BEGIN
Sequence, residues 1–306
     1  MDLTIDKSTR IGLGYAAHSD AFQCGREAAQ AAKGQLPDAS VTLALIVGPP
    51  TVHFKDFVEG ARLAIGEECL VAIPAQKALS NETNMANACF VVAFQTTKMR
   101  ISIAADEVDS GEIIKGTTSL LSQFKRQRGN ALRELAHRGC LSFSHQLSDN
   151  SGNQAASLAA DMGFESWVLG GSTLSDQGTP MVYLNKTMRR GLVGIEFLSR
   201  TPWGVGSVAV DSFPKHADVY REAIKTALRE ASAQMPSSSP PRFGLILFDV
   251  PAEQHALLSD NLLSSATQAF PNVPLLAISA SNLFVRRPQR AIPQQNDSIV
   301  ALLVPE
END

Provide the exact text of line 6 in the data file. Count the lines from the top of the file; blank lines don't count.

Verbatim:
   201  TPWGVGSVAV DSFPKHADVY REAIKTALRE ASAQMPSSSP PRFGLILFDV